Beginning with the administration of President Morales in 2006, Bolivia has implemented a new economic, social, communitarian and productive model in which the public sector actively participates in boosting economic growth by channeling investment and creating ...
Beginning with the administration of President Morales in 2006, Bolivia has implemented a new economic, social, communitarian and productive model in which the public sector actively participates in boosting economic growth by channeling investment and creating state enterprises. Despite the global financial crisis that began in 2008, the country generally benefited from favorable economic conditions between 2006 and 2012. Bolivia economy and public finances strengthened significantly during this period as a result of real GDP growth, higher exports, higher hydrocarbon production, and fiscal austerity measures such as lowering the salaries of Government employees, including the President, and increasing financial transparency through the elimination of reserve funds for public authorities.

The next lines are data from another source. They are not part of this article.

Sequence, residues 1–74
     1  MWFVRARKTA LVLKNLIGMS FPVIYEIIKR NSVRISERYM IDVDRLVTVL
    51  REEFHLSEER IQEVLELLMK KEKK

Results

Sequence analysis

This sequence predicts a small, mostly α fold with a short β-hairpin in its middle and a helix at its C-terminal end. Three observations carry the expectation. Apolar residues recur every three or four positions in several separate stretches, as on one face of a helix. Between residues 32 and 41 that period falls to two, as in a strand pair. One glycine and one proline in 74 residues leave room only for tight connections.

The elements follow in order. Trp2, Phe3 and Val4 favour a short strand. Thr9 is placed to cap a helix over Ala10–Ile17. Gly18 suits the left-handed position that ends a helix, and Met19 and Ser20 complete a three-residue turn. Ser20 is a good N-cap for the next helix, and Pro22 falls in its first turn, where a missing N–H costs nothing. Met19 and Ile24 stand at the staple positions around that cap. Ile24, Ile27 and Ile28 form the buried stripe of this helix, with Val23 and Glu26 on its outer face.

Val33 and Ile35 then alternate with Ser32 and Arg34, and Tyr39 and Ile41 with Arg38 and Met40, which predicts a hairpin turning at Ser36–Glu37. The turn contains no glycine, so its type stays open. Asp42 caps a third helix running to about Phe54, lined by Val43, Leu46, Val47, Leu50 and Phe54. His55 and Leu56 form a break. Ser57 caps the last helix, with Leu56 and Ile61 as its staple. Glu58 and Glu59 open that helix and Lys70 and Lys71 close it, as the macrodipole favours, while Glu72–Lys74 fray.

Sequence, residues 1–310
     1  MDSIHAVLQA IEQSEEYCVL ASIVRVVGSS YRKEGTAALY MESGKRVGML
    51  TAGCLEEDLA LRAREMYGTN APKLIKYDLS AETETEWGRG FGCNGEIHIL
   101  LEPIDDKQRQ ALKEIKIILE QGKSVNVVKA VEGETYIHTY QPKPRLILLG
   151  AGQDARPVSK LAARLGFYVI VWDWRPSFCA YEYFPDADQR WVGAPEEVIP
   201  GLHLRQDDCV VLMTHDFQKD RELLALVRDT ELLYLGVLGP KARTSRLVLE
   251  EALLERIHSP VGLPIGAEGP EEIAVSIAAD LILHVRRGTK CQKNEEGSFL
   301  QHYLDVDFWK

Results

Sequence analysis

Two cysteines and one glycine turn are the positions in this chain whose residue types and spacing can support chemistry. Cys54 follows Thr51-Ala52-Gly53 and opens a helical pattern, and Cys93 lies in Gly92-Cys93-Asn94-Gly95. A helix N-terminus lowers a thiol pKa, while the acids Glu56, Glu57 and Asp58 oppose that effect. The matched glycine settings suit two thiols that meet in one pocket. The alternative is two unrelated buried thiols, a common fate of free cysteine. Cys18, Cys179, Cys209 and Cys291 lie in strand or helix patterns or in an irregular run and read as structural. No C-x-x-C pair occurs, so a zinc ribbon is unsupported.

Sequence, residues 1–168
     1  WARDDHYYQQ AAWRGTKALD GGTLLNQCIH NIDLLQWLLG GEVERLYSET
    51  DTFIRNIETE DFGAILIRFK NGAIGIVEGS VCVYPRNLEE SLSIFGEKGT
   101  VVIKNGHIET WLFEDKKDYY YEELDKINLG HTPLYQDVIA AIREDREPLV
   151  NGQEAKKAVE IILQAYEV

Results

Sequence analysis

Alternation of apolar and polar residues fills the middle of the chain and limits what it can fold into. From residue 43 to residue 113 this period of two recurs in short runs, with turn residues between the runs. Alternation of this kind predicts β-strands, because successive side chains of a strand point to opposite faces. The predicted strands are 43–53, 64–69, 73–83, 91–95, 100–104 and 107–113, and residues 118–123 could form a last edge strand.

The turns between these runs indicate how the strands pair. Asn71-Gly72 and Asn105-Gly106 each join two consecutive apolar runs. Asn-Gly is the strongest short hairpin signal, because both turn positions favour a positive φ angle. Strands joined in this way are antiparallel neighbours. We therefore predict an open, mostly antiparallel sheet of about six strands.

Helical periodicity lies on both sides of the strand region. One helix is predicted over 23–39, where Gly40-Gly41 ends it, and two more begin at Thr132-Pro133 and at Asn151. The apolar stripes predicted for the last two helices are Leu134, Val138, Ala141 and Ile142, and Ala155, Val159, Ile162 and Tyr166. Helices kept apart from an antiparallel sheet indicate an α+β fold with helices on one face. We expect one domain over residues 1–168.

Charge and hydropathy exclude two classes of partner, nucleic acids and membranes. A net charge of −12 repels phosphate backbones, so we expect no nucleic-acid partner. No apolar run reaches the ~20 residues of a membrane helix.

Real GDP grew by 5.2% in 2012, compared to 5.2% and 4.1% in 2011 and 2010, respectively, which was primarily the result of higher hydrocarbons production and manufacturing. Of the 5.2% growth in real GDP in 2012, 4.3% was due to domestic demand growth and 0.9% was due to external demand growth, compared to 4.6% and 0.6%, respectively, in 2011. The increase in domestic demand was primarily the result of increased household consumption and public and private investment.
As of December 31, 2012, Bolivia total outstanding public debt was U.S.$8,952.5 million, an increase of 3.8% as compared to U.S.$8,625.1 million as of December 31, 2011.
Gross public debt (domestic and external) has fallen significantly over the last decade, benefiting from the Multilateral Debt Relief Initiative program (the “MDRI program”) and fiscal surpluses. The
portfolio composition of Bolivia total public debt has also changed significantly since 2000. In 2000, total public debt balance was composed of 20% domestic debt and 80% external debt. This was substantially reversed in 2012 as domestic debt increased to 52.2% of total public debt and external debt decreased to 47.8% of total public debt, which was primarily the result of policies implemented by the Government, various external debt relief programs, excess liquidity in the domestic financial market and increased confidence by the domestic financial market in our management of fiscal accounts.